The Newark Advocate from Newark, Ohio on October 16, 1988 · 9
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The Newark Advocate from Newark, Ohio · 9

Newark, Ohio
Issue Date:
Sunday, October 16, 1988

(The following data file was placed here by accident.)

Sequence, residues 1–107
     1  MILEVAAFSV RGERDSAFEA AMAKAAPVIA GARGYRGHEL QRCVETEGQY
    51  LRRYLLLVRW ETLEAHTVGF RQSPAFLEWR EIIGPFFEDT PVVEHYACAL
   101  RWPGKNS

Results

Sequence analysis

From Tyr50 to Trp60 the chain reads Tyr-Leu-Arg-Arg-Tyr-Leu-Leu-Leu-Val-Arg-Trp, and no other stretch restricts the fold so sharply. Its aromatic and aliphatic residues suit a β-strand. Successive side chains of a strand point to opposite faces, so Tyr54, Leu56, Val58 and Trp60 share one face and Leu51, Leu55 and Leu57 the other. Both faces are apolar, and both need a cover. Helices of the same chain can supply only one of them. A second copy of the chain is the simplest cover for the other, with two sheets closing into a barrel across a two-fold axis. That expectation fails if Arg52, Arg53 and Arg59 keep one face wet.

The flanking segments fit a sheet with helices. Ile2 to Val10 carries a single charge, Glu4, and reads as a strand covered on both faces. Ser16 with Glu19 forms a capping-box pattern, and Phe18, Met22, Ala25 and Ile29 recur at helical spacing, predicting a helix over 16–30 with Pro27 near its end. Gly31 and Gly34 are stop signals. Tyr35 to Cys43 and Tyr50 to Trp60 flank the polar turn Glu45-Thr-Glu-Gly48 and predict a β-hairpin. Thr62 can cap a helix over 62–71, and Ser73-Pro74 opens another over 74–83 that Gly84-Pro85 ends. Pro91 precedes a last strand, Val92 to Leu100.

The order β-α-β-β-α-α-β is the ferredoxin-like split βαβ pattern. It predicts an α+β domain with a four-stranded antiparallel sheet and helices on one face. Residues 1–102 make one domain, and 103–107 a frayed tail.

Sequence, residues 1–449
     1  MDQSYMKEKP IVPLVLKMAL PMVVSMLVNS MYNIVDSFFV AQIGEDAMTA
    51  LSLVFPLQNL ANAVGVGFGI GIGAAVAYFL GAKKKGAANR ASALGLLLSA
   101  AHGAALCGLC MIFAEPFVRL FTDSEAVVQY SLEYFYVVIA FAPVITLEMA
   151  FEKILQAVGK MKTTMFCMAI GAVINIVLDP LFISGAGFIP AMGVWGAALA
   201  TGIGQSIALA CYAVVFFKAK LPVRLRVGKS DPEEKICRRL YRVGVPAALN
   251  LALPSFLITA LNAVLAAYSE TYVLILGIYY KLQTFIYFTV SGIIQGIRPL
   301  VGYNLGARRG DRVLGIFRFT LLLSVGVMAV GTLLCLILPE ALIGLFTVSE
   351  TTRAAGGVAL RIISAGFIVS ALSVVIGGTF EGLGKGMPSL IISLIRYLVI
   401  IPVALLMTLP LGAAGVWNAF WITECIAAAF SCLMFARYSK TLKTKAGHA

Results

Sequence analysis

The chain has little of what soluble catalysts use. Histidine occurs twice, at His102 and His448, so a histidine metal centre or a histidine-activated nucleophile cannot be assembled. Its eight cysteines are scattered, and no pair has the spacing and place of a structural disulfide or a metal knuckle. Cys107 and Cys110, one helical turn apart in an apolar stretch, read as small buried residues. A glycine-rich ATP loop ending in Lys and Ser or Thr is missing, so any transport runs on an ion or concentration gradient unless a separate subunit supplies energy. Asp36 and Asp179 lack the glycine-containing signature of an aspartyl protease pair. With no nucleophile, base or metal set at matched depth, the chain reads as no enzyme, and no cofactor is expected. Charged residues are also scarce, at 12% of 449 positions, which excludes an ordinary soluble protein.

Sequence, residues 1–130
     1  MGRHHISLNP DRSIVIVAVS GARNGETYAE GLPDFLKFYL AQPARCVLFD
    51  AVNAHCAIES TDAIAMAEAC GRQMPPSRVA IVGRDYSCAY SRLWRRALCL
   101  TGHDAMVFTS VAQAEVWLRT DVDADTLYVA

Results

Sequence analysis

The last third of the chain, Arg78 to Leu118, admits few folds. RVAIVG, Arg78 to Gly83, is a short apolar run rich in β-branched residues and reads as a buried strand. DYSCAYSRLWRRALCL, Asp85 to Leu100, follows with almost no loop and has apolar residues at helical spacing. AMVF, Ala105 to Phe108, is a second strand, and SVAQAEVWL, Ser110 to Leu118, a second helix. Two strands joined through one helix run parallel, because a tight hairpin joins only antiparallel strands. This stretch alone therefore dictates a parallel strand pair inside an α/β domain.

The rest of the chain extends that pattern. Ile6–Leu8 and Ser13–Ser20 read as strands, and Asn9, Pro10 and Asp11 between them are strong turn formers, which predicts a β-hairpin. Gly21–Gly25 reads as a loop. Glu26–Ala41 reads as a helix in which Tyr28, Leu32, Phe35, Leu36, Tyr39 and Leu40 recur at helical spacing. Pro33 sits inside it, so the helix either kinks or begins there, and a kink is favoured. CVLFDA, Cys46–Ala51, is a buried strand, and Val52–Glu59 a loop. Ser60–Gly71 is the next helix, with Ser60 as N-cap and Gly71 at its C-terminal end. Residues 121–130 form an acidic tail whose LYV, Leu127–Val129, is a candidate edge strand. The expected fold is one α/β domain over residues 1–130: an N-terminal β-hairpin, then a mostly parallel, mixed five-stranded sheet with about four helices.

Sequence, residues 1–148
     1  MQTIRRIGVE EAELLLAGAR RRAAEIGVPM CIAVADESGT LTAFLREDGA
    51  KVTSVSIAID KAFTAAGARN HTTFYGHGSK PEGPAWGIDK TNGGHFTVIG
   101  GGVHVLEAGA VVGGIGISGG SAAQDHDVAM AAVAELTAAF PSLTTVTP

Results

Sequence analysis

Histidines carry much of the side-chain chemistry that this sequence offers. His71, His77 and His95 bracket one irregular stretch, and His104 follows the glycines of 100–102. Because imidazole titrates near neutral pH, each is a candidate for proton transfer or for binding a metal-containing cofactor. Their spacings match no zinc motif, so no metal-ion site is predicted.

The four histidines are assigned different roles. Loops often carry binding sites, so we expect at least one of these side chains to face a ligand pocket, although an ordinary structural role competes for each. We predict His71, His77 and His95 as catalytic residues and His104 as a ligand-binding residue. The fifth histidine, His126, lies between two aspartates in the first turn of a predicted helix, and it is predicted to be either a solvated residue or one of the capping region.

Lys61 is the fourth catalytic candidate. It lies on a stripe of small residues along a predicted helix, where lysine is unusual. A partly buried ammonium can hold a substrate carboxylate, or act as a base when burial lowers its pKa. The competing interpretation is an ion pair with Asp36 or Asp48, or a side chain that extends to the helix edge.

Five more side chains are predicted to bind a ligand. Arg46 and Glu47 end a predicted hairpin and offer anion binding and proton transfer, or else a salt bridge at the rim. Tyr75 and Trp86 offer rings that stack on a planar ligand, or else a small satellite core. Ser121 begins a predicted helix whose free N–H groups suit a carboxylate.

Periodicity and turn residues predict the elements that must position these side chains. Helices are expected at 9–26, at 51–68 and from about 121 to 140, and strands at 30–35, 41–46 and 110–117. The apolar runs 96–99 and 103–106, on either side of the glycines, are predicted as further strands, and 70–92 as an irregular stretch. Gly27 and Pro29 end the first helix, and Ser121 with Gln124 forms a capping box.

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Society 2B Health and fitness 5B 4 11 f The Advocate, Newark, 0., Sun. Oct. 16, 1988-Page 1 B mmmmmmmsmmm iiiiiiiiiiiii 1111 111111 11 SKp & J fcl JI fi 11 if f 1 ?x.,nu. i Mama is a It just goes to show you never know where the truly holy people are. A news item off the wire two weeks ago told of an American housewife who learned, through the clairvoyance of a Tibetan lama, that she was the reincarnation of a Buddhist saint from another century. As a practicing Buddhist, the housewife was not averse to being ceremonially enthroned before a congregation of chanting monks and laypeople, embarking on a second career as a bodhisattvQ a person who lives for the betterment of others. The housewife took it pretty well, but the rest of the family admitted it had some adjusting to do. "It's tough when Mom isn't just Mom anymore," her husband said. He got that right. In the Tibetan iilGiFifO ' II ls stilus if iisftFSiil! yo icH i n , , , n hi , 1 i in i i i i ill iiiiiii m iiiii ii ii i mm i iiiiiiiiiiiiiiimiiiii un .Hi iii iiiiM . t , - ' mmum I I mmmmrm n m mtm .1 u I. m - ' . ' ..-- : i , - V " Interior lama: It could mean tradition, lamas including our American housewife are considered special people, thought to Tiave spiritual powers beyond those of average folks. And they have pretty difficult jobs listening to people's problems, doling out spiritual advice and praying for the salvation of every creature on earth including cockroaches. If our housewife bodhisattva had a teen-age daughter, one of her letters to her friends might reveal the difficulty of adjusting to having a saint around the house. DearFrancie: I can't tell you how weird it's been around here since we found out Mama was a lama. I mean, she looks pretty much the way she always did she still has such tacky taste in clothes (blue of the Auditorium Theater. Photo by Flint Kathy M-ii a Wesley pWl jeans and flannel shirts, come on , now ) and she still has this irritating way of saying "Frannnn-ceeee! " when it's time for dinner. But there's something different about her. She still volunteers at the hospital in the morning and stays home to watch Santa Barbara in the afternoon. But now and then I'll catch her meditating during the commercials. And she'll sit there Ded icated may be replaced by By MIKE WILSON Advocate Correspondent Ohio Gov. William McKinley dedicated the Auditorium Theater on July 11, 1894. The building was known as the Soldiers and Sailors Memorial Temple and was built on land dedicated by Newark resident William Alexander King. King's home had been located on the ground before the Memorial Temple was built. In his will, King authorized the land, as well as a Soldiers and Sailors Memorial Fund, to be used to erect the structure. It was to be a memorial to America's men who served in all her wars. Constructed in the traditional style, the auditorium had a classic proscenium arch, a counterweight system for quick scene changes, 12 dressing rooms backstage and three trap doors on the stage floor. ' "The Newark Public Library had its beginnings on the second floor of the auditorium," says Connie Gelfer, one of four board members who help organize productions and generally look after the Auditorium Theater. "There was a harness shop, drug store and hat shop located in the theater at the turn of the century," she adds. Other board members are Barbara Fabricant, Richard Slone and Paul Buehher. The board members make up the Auditorium Center for the Performing Arts Inc. "The Auditorium was the entertainment center for Central Ohio at the turn of the century," says Ms. Gelfer. "All the big , vaudeville acts, Houdini, Cornelia Otis Skinner anyone connected with the stage came there. Gene Autry and his horse, even." That was the turn of the centu THEN AND NOW. Top left, tlit Auditorium Theater as it appeared around 1898. Lower left, the theater today, after a fire destroyed the front of the building in 1968. Top photo courtesy Licking Con nly Historical Society. Bottom photo by Flint Carlton some household adjustments and recite mantras when the main characters get into trouble. Every fall we have this problem with an invasion of black ants in our kitchen. Dad usually nukes them with a Black Flag roach bomb. I came home from school yesterday and what do you think I found? Mom, kneeling on the linoleum, talking to the stupid ants ! She was explaining that she really didn't have anything personally against them, but that they had to scram before Dad got out the Black Flag. OK, so she's a nut case. But I haven't seen any ants around here today. And when I get mad at my-boyfriend and yell at him on the phone, she gets this sad look on her face. She doesn't rant and rave or anything ; she just looks at me and Carlton i n 1 894, Aud itori u m ry, the heyday of the stage. But the face of the auditorium has changed drastically since those days. A fire in 1968 destroyed the building's classic front. "They determined that it was arson," Ms. Gelfer explains. "A couple "of kids hid in the theater and tried to rob it. It (the fire) did extensive damage. "Then, at that time, they had the front of the building fixed with an aluminum facade. I just hate . the look of it," she adds, laughing. "It belies what is the beauty on the inside of the theater. Today, the Auditorium has problems that could bring its demise in the very near future, Ms. Gelfer says. "Problems began somewhere around five to eight years ago," says Barbara Fabricant. "The Licking County Players had taken over the Auditorium but decided they needed a bigger place to play. The players split into two groups: one, the Licking County Players; the other, the Auditorium Center for the Performing Arts. The Auditorium Center for the Performing Arts became the group that decided to keep up the theater." The theater group used fundraisers, productions and movies to keep the Auditorium in business. "We did what was necessary to keep it open," says Ms. Fabricant. Until last winter. "A routine state inspection found that the boiler heating system needed repair, Further investigation found it beyond repair. We got a huge gas blower for neat, but it was ineffective and very noisy. We ended up closing all last winter," Ms. Fabricant says. says: "It's yourkarma." The house has been like Grand Central on the weekends ; people calling up and asking for advice, or knocking on the door asking her to bless their statues or their kids or whatever. She stays up pretty late at night Saturdays and Sundays getting all her prayers in. It would drive me bananas ; but she just says, "It's a tough job, but somebody's got to do it." I don't mind the incense and the candles -- she did that before she got lamaified but seeing her levitate and disappear is a little unsettling. I just hope none of my friends come over to catch her vanishing act. Being one with the universe must be fun; she hardly ever gets upset about anything any more. But she still makes me clean my room. "Emptiness is bliss," she always parking lot The . building is owned by the city and leased to the Auditorium Center for the Performing Arts, she says. "There is renovation needed, but if we have a heating system, we will have the ability to perform," Ms. Gelfer says. Public support will determine whether the Auditorium continues to have performances or whether the nearly 100-year-old structure will close completely. - "The county commissioners decided to hold a public forum Oct. 17 to see if there is enough interest to keep the Auditorium open," says Ms. Gelfer. "If enought people don't show up, the commissioners will close the facility, then tear it down and make a parking lot. This was proposed earlier in the 80s. "The commissioners want to see public and financial support," says Ms. Gelfer. "Everyone is waiting to see how things turn out. We want to keep the theater open. If it's torn down, then you can never go forward with the Auditorium again." Th Auditorium is not without projects in case the meeting goes in favor of the Auditorium Center for The Performing Arts. Ms. Gelfer has projects in mind that will begin with the warm weather. "April, May and June we have the theater rented for live productions. July is children's theater month. We have programs that can be funded by the Ohio Arts Council," she says. "The council won't fund buildings, but they will fund productions." William McKinley, the Ohio governor who became president, dedicated the Auditorium in 1894. Then came vaudeville, silent pictures, the "talkies" and big-screen movies. In the up-and-down cycles of the entertainment industry, the Auditorium managed to survive, if not always to prosper. Public support on Monday will determine if the theater will continue to weather the changing entertainment industry, or go the way of other relics of the past. says. It is weird to see people treat her so specially, calling her "Venerable Lama Ethel" and all that. Sometimes I just want to scream, "I knew her when she painted her toenails green!" But I have to admit that some nightsit's real comforting to know that she is there, doing her beads for world peace while watching The Cosby Show. I can talk to her about anything, and she won't get mad it's part of her job, you know, benefiting others and she never says anything bad about anybody. Now, if I can just convince her that a messy room is to my benefit ... Kathy Wesley is a features writer for The Advocate. She would like to be a lama when she grows up.